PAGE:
2. ^ "Pele's list of the greatest". BBC. 4 March 2004. Retrieved 12 June 2009.
  3. ^ Pereira, Mauro Cezar. "Mais Sobre Flamengo" (in Portuguese). ESPN Brasil. Archived from the original on 4 December 2010. Retrieved 12 June 2009.
  4. ^ a b c d e "Junior, from the pitch to the box". FIFA. Archived from the original on 10 September 2015. Retrieved 7 November 2015.
  5. ^ Evans, Hilary; Gjerde, Arild; Heijmans, Jeroen; Mallon, Bill; et al. "Júnior (Leovegildo Lins da Gama Júnior)". Olympics at Sports-Reference.com. Sports Reference LLC. Archived from the original on 3 December 2016. Retrieved 6 March 2019.
  6. ^ Napoleão, Antônio Carlos; Assaf, Roberto (2006). Seleção Brasileira 1914–2006. São Paulo: Mauad X. p. 268. ISBN 85-7478-186-X.
  7. ^ "Brazil's World Cup squad 1982". Planet World Cup. Retrieved 12 June 2009.
  8. ^ "Brazil's World Cup squad 1986". Planet World Cup. Retrieved 12 June 2009.
  9. ^ "From the sand to the lawns: Junior class and strength". MIS MUSEUM IMAGE AND SOUND. 2 June 2014. Retrieved 7 June 2017.
  10. ^ "Principais artilheiros dos mundiais (Mínimo de 10 gols)" (in Portuguese). beachsoccerbrasil.com.br. 2001. Archived from the original on 24 November 2002. Retrieved 8 November 2018.
  11. ^ "Júnior detona confederação de beach soccer". band.com.br. 31 October 2014. Retrieved 7 June 2017.
  12. ^ "Beach Soccer Stars shine bright once more". Beach Soccer Worldwide. 9 November 2019. Retrieved 9 November 2019.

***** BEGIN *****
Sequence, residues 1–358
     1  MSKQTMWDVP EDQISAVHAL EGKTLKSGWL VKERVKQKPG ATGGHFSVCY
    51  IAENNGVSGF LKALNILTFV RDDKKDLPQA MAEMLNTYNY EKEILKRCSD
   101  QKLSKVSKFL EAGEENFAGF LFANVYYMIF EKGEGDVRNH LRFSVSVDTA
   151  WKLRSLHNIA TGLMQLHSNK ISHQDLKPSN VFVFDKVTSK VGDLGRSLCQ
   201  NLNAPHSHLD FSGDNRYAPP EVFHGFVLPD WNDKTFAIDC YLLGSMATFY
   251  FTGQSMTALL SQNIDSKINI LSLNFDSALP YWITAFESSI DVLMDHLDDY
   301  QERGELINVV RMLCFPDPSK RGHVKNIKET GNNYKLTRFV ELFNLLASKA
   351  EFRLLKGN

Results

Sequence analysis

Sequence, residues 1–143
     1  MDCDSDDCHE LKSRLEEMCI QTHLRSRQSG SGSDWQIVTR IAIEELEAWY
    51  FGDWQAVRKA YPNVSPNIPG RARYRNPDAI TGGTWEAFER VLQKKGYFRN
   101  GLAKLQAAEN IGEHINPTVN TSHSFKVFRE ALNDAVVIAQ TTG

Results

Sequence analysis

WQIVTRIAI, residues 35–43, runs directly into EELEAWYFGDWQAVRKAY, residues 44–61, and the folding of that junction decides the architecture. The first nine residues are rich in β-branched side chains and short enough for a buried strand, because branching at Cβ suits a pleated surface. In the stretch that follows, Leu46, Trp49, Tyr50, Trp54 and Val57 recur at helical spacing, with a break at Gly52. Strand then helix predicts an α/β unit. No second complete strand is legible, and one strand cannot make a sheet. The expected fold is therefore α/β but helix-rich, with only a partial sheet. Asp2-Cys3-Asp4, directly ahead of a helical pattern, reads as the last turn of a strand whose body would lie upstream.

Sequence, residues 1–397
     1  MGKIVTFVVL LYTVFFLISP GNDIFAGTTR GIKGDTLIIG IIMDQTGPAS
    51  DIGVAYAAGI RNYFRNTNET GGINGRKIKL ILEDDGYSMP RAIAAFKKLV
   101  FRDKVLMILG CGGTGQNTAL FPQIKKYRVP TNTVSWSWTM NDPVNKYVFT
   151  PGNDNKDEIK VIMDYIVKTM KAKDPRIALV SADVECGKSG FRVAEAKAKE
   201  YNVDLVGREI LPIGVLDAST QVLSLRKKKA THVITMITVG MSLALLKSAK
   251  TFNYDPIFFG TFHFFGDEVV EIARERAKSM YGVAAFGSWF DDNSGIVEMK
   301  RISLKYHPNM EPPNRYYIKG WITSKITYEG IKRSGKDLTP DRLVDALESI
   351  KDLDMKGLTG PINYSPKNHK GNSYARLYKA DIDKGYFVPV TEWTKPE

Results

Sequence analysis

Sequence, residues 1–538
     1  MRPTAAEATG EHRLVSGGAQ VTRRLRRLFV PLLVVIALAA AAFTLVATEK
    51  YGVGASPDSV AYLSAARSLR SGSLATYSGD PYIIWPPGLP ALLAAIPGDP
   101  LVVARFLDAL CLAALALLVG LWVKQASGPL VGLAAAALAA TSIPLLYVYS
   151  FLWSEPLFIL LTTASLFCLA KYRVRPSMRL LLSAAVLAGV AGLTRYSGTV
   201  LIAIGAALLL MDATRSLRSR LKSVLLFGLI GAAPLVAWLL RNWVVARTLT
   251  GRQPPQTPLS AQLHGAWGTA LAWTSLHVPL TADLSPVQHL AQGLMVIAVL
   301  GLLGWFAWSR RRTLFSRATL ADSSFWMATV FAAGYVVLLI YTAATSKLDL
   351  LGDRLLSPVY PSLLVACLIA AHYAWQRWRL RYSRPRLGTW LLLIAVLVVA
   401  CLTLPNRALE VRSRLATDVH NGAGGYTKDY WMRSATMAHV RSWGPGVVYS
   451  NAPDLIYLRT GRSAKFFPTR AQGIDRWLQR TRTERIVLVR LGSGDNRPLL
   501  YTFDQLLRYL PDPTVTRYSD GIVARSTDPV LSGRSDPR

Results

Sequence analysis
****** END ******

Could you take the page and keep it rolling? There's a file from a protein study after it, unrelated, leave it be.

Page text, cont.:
13. ^ Adamov, Alexey (19 October 2019). "Топ-10 легенд пляжного футбола по версии France Football. Кто лишний, а кого забыли?". Beach Soccer Russia. Retrieved 19 October 2019.
  14. ^ Junior, from the pitch to the box FIFA.com
  15. ^ "PAPA' JUNIOR" (in Italian). La Repubblica. 20 September 1987. Retrieved 23 March 2019.
  16. ^ Guido De Luca (18 June 2008). "Leo Junior approda al Toro" (in Italian). www.toronews.net. Retrieved 23 March 2019.
  17. ^ GIANNI MURA (3 November 2006). "Falcao, Careca e altri maestri la top ten dei nostri brasiliani" (in Italian). La Repubblica. Retrieved 23 March 2019.
  18. ^ Andrea Nocini (20 September 2012). "IL PELE'...JUNIOR" (in Italian). www.pianeta-calcio.it. Retrieved 23 March 2019.
  19. ^ Léo Júnior at National-Football-Teams.com
  20. ^ FIFA XI´s Matches - Full Info
  21. ^ "South American Team of the Year". 16 January 2009. Archived from the original on 21 January 2015. Retrieved 25 October 2015.
  22. ^ "Junior completa 58 anos de idade e recebe o carinho do Flamengo". Site Oficial do Clube de Regatas do Flamengo. 29 June 2012. Retrieved 24 November 2015.

External linksEdit